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Rotational Kinematics of bicycle breaks

  1. Feb 29, 2008 #1
    [SOLVED] Rotational Kinematics

    1. The problem statement, all variables and given/known data
    A person is riding a bicycle, and its wheels have an angular velocity of +18.0 rad/s. Then, the brakes are applied and the bike is brought to a uniform stop. During braking, the angular displacement of each wheel is +13.5 revolutions.

    (a) How much time does it take for the bike to come to rest?

    (b) What is the angular acceleration of each wheel?

    2. Relevant equations
    (a) θ = (ω0 + ω)t

    (b) ω = ω0 + αt

    3. The attempt at a solution
    (a) +13.5 rev = (18.0 rad/s - 0 rad/s)t
    t = (+13.5 rev)/(18.0 rad/s) = 0.75 - wrong answer

    (b) (ω - ω0)/t = α
    (0 rad/s - 18.0 rad/s)/0.75 = α - wrong answer


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    1. The problem statement, all variables and given/known data
    After 10.0 s, a spinning roulette wheel at a casino has slowed down to an angular velocity of +1.70 rad/s. During this time, the wheel has an angular acceleration of -5.05 rad/s^2. Determine the angular displacement of the wheel.

    2. Relevant equations
    ω^2 = ω0^2 + 2α(θ − θ0)

    3. The attempt at a solution
    (+1.70 rad/s)^2 = 0 + 2(-5.05 rad/s^2)θ
    θ = [(1.70 rad/s)^2]/2(-5.05 rad/s^2) = -0.286 - wrong answer

    ------------------------------------------------------------------

    Please help me, I don't know what I'm doing wrong.
     
  2. jcsd
  3. Feb 29, 2008 #2

    Dick

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    Start with 1). Your equation a) is wrong. This is accelerated motion. The equation should be:
    theta=omega_0*t+(1/2)*alpha*t^2. Solve your equation b) for alpha and substitute that into a). Now the only variable is t.
     
  4. Feb 29, 2008 #3
    The equation you have listed as (a) is only valid for uniform angular velocity. Since the wheel is slowing down, velocity is not constant, so you have to use an equation for uniform acceleration (since the problem states that the wheel comes to a uniform stop).Since the acceleration is uniform, you can assume that [itex]\alpha = \frac{\Delta\omega}{\Delta t}[/itex].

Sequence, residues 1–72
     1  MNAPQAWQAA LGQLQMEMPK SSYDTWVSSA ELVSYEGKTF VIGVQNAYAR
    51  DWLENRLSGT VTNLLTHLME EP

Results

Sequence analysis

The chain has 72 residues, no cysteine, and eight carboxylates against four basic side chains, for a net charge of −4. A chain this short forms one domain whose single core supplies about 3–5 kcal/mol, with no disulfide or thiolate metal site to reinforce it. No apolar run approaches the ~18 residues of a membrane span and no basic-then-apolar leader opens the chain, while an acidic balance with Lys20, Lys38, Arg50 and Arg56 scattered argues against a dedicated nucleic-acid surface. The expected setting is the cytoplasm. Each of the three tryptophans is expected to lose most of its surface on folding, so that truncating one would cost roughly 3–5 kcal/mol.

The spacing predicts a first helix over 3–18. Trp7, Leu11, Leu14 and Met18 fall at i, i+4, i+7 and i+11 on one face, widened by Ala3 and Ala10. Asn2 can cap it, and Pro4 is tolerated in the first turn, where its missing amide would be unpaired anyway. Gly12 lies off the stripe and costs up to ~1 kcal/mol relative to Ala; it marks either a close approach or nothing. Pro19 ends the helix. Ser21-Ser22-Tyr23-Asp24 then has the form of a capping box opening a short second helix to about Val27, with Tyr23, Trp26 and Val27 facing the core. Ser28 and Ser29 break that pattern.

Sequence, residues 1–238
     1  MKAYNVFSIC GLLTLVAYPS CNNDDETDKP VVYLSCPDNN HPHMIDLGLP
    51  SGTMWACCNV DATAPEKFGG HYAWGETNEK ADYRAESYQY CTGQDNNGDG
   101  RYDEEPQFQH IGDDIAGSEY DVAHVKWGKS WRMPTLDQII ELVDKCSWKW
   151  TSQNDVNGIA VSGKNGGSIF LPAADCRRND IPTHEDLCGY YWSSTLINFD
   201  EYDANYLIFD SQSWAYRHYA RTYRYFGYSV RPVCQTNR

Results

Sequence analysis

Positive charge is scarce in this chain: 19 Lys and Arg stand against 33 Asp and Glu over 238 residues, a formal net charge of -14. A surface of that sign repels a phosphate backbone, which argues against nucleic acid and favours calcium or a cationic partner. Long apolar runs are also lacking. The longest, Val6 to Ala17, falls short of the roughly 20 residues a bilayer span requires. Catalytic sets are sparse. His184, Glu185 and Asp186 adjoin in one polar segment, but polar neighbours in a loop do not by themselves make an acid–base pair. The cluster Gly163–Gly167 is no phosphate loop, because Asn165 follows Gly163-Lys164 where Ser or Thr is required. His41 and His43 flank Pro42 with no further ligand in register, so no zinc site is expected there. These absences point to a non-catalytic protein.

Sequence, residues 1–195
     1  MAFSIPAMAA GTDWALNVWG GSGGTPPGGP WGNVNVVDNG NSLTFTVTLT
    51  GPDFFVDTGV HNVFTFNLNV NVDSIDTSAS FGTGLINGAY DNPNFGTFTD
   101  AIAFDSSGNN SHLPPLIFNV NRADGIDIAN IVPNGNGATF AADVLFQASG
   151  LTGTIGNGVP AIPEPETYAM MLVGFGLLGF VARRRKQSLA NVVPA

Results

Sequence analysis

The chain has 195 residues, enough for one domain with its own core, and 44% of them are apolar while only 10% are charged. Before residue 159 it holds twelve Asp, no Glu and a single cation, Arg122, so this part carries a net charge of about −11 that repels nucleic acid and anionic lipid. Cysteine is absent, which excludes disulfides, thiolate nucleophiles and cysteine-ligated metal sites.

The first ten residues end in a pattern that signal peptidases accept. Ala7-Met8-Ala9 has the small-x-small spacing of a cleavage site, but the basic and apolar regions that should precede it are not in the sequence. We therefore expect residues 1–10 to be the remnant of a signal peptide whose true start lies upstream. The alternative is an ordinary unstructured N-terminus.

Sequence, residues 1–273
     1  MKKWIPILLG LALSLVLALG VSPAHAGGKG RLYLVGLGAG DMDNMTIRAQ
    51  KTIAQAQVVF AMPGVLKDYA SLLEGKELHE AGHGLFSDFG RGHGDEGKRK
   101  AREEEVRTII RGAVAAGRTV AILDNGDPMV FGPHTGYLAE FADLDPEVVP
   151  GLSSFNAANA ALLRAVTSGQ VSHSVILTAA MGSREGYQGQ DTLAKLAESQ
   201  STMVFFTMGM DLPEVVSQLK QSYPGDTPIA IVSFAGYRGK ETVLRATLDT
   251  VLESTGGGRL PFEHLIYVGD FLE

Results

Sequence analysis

Last edited: Feb 29, 2008
  5. Feb 29, 2008 #4
    equation 1: θ = ω0t + 1/2αt^2

    equation 2: ω = ω0 + αt
    (ω - ω0)/t = α

    solve for α from equation 2 & plug into equation 1:
    θ = ω0t + 1/2[(ω - ω0)/t]t^2

    θ = ω0t + 1/2[(ω - ω0)]t
    13.5 = 18.0t + 1/2(0 - 18.0)t
    13.5 = 18.0t - 9t
    13.5 = 9.0t
    t = 1.5 seconds - but it's still wrong

    Did I simplified it wrong?
     
  6. Feb 29, 2008 #5

    Dick

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    A 'rev' is not a 'rad'. How many radians is 13.5 revolutions? Other than that, well done.
     
  7. Feb 29, 2008 #6
    (a) 13.5 x 2Pi = 9.0t
    t = 9.42 s

    (b) (0-18.0 rad/s)/9.42s = -1.91 rad/s^2

    Thank you so much.

    I'm still confuse about the second problem though. I tried several ways, but I've gotten some weird answers.
     
  8. Feb 29, 2008 #7

    Dick

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    omega_0 in that problem isn't zero. The wheel starts at velocity omega_0, slows down at a rate of -5.05rad/sec^2 for 10 sec. Then it's speed is 1.7rad/sec. Can you figure out the correct value for omega_0. Think about it...
     
  9. Feb 29, 2008 #8
    ω = ω0 + αt
    ω - αt = ω0
    (1.70 rad/s) - (-5.05 rad/s^2)(10.0 s) = ω0
    ω0 = 52.5 rad/s

    ω^2 = ω0^2 + 2αθ
    (1.70^2) = (52.2^2) + 2(-5.05)θ
    θ = [(1.70^2) - (52.2^2)]/(2 x -5.05) = 269.5 rad

    GOT IT!
    Thank you so much for helping me. ^-^
     
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